Sasan

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Sāsān (Middle Iranian > Persian ساسان, also known as Sassan), considered the eponymous ancestor of the Sasanians, was "a great warrior and hunter" and a Zoroastrian high priest in Fars and living sometime near the fall of the Arsacid Empire.

Identity of Sāsān[edit]

There are many slightly different stories concerning Sasan and his relation to Ardashir I the founder of Sassanid Empire. The northern Iranian historian Tabari mentions further that Sasan married a princess of the Bāzarangid family, the vassal dynasty of Fārs and that Sasan was a grandfather of Ardashir I while Papak is named as Ardashir I's father.[1]

According to the Pahlavi book of Karnamak-i Artaxshir-i Papakan, Sassan's wife was a daughter of a noble man called Papak and the marriage was arranged by Papak after hearing that Sassan has "Achamenian blood in him", their son is named Ardashir I. Sassan vanishes shortly after Ardashir appears in the story and Papak is "considered the father of Ardashir".[1] There is no real evidence that Sāsān was related to the Achaemenid dynasty and many modern historians speculate he only used this story to raise the status of his family.[citation needed]

These stories on different relations between "Ardashir, Pāpak, and Sāsān" have according to Frye a Zoroastrian explanation.[1] Accordingly Sassan was indeed the father of Ardashir and "disappears" from the story after the birth of Ardashir. Similar to the current Zoroastrian practices, Papak had then taken the responsibility of his daughter and her son Ardashir after Sassan "disappears" and is named afterwards as the father of Ardashir.[1]

In the Kabe Zartosht inscription of Shapur I the Great, the four named persons "Sasan, Papak, Ardashir, Shapur" have different by importance titles: Sassan is named as "the lord", Papak as "shah", Ardashir as "the King of kings of the Sassanid Empire" and Shapur is "king of kings of Iran and Aniran".[1]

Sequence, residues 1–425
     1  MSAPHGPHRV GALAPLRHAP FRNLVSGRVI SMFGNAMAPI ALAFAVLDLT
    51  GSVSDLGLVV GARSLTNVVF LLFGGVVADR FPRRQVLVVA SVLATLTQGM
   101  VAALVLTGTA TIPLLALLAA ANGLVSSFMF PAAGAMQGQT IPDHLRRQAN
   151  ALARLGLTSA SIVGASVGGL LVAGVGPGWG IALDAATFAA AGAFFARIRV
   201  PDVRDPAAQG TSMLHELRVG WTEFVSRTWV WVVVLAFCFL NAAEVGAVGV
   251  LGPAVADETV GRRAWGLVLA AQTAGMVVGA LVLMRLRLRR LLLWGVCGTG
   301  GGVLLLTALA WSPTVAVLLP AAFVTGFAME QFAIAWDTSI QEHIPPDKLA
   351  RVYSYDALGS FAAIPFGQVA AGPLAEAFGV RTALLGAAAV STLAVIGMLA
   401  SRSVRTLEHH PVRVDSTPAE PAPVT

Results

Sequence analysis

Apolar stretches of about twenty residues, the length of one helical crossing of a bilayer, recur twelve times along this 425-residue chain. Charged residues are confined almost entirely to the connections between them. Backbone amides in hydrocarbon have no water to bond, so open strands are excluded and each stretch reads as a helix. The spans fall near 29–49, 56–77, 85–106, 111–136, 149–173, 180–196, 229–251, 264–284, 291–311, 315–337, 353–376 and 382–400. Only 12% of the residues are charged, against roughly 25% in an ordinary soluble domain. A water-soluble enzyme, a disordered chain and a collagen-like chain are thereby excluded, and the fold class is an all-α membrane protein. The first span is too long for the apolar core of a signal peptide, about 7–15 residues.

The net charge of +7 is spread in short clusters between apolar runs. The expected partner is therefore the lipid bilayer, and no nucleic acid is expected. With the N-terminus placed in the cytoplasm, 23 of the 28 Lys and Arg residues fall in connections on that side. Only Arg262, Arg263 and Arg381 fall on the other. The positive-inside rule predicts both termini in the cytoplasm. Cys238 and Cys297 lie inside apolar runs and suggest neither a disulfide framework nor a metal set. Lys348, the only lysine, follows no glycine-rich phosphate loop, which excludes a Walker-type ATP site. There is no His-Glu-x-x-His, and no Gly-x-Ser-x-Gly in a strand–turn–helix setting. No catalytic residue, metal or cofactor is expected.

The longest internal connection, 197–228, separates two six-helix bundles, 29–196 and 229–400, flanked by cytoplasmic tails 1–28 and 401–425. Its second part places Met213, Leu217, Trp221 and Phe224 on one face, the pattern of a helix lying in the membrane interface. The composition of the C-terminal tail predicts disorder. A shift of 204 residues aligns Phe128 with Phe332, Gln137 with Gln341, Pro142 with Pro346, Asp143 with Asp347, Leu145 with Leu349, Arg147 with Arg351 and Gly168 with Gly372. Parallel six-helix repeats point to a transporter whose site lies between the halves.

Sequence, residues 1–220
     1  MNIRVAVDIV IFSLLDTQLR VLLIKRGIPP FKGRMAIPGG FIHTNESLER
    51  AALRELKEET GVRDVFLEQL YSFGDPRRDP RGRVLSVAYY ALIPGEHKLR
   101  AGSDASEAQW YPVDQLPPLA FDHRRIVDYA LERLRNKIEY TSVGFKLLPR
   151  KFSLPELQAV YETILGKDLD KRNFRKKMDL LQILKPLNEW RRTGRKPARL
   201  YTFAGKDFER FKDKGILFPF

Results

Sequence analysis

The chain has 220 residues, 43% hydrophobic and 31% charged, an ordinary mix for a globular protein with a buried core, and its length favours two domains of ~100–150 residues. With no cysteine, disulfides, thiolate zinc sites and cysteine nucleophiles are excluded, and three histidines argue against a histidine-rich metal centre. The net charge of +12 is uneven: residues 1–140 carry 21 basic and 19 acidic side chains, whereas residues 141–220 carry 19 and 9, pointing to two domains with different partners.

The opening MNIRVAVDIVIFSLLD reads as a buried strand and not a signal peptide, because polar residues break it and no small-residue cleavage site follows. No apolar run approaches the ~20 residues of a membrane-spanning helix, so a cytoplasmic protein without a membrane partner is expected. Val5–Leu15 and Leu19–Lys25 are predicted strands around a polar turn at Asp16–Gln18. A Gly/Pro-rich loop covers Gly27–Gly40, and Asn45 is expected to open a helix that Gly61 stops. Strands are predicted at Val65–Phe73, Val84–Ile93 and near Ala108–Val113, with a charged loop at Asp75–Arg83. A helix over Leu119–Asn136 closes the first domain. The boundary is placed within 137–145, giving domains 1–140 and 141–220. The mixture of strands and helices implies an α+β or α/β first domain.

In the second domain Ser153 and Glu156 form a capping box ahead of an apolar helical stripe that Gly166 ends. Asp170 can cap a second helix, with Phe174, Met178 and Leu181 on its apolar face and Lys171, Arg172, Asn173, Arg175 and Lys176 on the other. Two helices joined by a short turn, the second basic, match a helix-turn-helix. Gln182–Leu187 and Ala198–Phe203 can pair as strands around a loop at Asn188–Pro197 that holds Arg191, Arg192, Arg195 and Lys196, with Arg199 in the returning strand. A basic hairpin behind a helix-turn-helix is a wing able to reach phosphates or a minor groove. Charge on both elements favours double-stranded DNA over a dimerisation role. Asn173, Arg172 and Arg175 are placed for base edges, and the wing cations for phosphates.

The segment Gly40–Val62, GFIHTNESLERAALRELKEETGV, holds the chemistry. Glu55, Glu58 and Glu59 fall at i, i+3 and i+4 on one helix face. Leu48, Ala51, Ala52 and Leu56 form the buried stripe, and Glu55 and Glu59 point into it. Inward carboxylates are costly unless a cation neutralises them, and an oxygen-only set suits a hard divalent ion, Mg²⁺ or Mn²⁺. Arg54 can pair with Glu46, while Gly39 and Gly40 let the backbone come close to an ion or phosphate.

Politics of the Sasanian family[edit]

The political ambition of Sassan was evoked by the troubles and weakness caused in last years of Parthian empire. According to Tabari, Sassan's son Papak managed to consolidate his power with the help of his own sons Šāpur and Ardašir.[2] This is considered the beginning of the Sasanian dynasty.

Sassan's family managed to become the rulers of the second Persian Empire in antiquity and rule over a greater portion of Western Asia, the first of such empire was the dynasty founded by Cyrus the Great. The three "founders" of this new empire, that is Papak and his two sons, are depicted and mentioned on the wall of the Harem of Xerxes at Persepolis, a remnant site of Achaemenids – a representation suggested to be the evidence of a claim to Achaemenid heritage likely later added.[2][3]

As his attested name as Sāsān xʷadāy (Middle Iranian for "Lord Sāsān") indicates, Sassan was the custodian of the "Fire Temple of Anāhid" at Estakhr.[2] Shahryar the king in 1001 Nights is described as being one of the kings of Sassan and Ladan.[4] Sassan is known for his efforts in trying to bring Zoroastrianism back into the Empire. He even encouraged Papak, the Zoroastrian commander, to take over the Parthian satrapy of Pars.[4]

See also[edit]

Notes[edit]

  1. ^ a b c d e (Frye 1983) pp. 116-7
  2. ^ a b c (Shapur Shahbazi 2005)
  3. ^ Calmeyer, P. (1976), "Zur Genese altiranischer Motive IV", Archäologische Mitteilungen aus Iran: 65–67, ISSN 0066-6033 
  4. ^ a b http://www.avesta.org/kerr/sas_part3.pdf

References[edit]